The Ethical Issues Committee of the Faculty - part of the UK's Royal Colleges of Physicians - has also endorsed the move towards registering all clinical trials before studies are initiated and called for all results to be reported.
"Sometimes doctors working in clinical research find themselves facing difficult ethical dilemmas, especially if the company they work for decides not to publish negative research findings" says Committee Member Dr Ken Paterson from the Department of Clinical Pharmacology at Glasgow's Royal Infirmary in Scotland.
"These situations place a heavy burden on individuals and our practical advice aims to give them external backing when they need to take a stand."
The Faculty's paper provides practical day-to-day advice for doctors working in pharmaceutical research, based on the organisation's recently developed guiding ethical principles, which appear in the same issue of IJCP.
This advice stresses that publication of any results should be agreed between the sponsor and the researcher before the clinical trial starts.
"Sponsors have an ethical responsibility to publish or make available negative research findings which may affect prescribing practices, especially if the medication is already on the market" says co-author and Committee Chair Dr Roger Bickerstaffe, Global Vice President for Solvay Pharmaceuticals, Luxembourg.
"The advent of the Internet means that pharmaceutical companies now have a vehicle for publicising their own results to a mass audience, so there is no excuse for withholding negative results.
"Medical practitioners working in pharmaceutical medicine are bound by the same ethical standards which apply to all doctors, regardless of whether they are working for a company, regulatory body or academic institution" he adds.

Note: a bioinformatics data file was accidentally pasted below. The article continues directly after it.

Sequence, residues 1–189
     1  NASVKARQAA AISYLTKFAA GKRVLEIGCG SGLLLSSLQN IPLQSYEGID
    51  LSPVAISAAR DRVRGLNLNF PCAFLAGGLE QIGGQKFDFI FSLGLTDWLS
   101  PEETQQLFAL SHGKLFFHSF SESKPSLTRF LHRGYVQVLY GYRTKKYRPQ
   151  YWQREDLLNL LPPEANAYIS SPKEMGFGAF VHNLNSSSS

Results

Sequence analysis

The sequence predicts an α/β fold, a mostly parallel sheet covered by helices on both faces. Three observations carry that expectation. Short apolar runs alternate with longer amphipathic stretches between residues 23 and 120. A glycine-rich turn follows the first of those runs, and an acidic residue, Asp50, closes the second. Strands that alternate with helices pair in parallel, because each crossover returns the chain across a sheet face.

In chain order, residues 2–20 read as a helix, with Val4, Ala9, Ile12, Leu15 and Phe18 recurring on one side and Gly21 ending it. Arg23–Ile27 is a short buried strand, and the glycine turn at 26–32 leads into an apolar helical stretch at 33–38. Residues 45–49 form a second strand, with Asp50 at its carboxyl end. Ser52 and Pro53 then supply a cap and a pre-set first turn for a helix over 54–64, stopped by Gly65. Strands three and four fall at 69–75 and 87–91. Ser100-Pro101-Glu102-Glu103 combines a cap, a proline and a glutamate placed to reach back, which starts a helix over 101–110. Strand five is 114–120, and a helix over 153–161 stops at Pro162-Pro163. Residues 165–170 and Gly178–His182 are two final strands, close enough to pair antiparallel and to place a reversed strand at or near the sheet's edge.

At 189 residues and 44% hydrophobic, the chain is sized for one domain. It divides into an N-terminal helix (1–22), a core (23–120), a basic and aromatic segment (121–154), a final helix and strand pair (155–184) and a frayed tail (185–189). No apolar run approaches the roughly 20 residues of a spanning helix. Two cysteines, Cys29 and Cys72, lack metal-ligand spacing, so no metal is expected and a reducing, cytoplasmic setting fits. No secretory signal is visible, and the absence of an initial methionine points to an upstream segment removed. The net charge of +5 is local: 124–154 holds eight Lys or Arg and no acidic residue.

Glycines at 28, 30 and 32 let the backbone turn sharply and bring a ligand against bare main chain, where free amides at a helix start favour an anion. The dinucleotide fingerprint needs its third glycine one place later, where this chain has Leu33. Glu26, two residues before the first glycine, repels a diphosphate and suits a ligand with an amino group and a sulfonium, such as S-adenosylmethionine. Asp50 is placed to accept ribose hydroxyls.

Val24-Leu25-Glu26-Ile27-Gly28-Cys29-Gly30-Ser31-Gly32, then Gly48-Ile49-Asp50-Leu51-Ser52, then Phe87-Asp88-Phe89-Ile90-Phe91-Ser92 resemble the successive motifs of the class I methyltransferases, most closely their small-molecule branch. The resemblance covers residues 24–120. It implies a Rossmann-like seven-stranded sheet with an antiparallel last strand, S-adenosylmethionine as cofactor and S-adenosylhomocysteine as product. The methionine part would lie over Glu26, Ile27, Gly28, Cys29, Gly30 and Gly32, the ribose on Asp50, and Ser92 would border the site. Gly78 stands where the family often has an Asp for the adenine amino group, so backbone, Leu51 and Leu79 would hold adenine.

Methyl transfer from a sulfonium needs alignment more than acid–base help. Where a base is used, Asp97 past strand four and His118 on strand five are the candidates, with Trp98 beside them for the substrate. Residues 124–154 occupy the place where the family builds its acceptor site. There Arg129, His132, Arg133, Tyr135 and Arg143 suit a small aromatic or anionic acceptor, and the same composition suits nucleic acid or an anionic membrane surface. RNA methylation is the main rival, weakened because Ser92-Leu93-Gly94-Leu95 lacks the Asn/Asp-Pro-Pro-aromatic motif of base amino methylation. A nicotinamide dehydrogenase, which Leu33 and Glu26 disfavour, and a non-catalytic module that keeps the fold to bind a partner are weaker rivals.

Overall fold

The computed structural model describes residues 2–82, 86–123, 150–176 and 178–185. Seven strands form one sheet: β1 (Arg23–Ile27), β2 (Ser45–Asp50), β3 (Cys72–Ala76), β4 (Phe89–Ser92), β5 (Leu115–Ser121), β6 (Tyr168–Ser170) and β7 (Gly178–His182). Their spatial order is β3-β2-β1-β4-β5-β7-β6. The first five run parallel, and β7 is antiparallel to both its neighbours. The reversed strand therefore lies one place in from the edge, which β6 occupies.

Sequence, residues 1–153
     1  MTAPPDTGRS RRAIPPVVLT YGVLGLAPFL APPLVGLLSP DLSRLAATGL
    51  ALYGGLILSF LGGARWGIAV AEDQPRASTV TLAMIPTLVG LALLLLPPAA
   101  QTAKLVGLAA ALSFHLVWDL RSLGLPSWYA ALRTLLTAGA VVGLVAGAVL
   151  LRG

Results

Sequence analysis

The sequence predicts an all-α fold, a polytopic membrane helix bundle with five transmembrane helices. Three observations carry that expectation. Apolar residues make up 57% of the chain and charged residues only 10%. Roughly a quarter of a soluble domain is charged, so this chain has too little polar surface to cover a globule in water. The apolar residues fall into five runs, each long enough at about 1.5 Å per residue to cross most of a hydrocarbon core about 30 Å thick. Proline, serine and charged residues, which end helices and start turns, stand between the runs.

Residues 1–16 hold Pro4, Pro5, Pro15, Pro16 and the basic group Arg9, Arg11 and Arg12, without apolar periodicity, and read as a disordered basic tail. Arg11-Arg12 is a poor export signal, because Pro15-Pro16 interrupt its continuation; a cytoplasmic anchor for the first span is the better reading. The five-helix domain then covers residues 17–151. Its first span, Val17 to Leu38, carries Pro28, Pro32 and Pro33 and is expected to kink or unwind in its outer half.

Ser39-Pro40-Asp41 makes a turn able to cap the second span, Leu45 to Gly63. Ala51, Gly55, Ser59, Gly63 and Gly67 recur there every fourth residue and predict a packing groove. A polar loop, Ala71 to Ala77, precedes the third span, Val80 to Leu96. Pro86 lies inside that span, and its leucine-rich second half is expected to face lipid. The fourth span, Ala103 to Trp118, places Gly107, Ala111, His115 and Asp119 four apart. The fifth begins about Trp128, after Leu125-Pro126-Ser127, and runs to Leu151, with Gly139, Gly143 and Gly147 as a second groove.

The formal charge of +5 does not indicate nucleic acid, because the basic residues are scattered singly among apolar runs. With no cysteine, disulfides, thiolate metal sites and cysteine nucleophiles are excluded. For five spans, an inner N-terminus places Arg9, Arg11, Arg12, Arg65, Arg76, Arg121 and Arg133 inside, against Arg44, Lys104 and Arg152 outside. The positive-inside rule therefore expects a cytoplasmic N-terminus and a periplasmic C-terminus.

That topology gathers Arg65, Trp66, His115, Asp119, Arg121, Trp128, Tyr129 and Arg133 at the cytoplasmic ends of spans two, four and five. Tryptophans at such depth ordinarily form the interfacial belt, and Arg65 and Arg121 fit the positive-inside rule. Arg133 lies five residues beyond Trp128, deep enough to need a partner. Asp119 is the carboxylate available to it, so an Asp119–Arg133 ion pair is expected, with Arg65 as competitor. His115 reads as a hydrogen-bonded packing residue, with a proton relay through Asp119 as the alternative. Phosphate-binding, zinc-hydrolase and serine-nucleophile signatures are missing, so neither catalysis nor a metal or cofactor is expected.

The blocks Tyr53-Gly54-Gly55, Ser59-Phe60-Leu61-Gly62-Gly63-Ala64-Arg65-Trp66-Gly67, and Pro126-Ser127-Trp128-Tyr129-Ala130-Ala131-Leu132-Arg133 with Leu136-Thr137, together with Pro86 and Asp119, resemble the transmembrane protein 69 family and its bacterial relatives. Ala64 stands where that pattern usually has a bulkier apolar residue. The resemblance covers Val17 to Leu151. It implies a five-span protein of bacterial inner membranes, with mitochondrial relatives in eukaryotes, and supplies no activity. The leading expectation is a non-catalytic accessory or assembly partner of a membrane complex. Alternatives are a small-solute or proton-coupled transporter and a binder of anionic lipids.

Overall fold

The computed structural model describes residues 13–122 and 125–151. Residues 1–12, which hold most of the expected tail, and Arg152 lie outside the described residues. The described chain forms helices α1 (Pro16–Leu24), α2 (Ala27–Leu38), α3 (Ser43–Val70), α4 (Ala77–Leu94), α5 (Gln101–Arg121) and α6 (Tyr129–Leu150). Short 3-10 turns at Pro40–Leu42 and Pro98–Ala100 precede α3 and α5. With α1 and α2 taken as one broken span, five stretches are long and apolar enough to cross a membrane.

"Our guidance clearly places the doctor's responsibility to patients and society ahead of their allegiance to an individual employer."
The aim of the Faculty of Pharmaceutical Medicine, which was established in 1989, is: "To advance the science and practice of pharmaceutical medicine by working to develop and maintain competence, ethics and integrity and the highest professional standards in the specialty for the benefit of the public."
"Both we and the Faculty hope that the material published in IJCP will provide support and advice for physicians and other professionals working in pharmaceutical medicine and that it will stimulate wider discussion and debate on the key issues" says Chris Graf, Publisher of IJCP, the International Journal of Clinical Practice.
Further information and press copies of the two IJCP paper are available from Annette Whibley, Wizard Communications firstname.lastname@example.org
Notes to editors
Last reviewed: By John M. Grohol, Psy.D. on 21 Feb 2009
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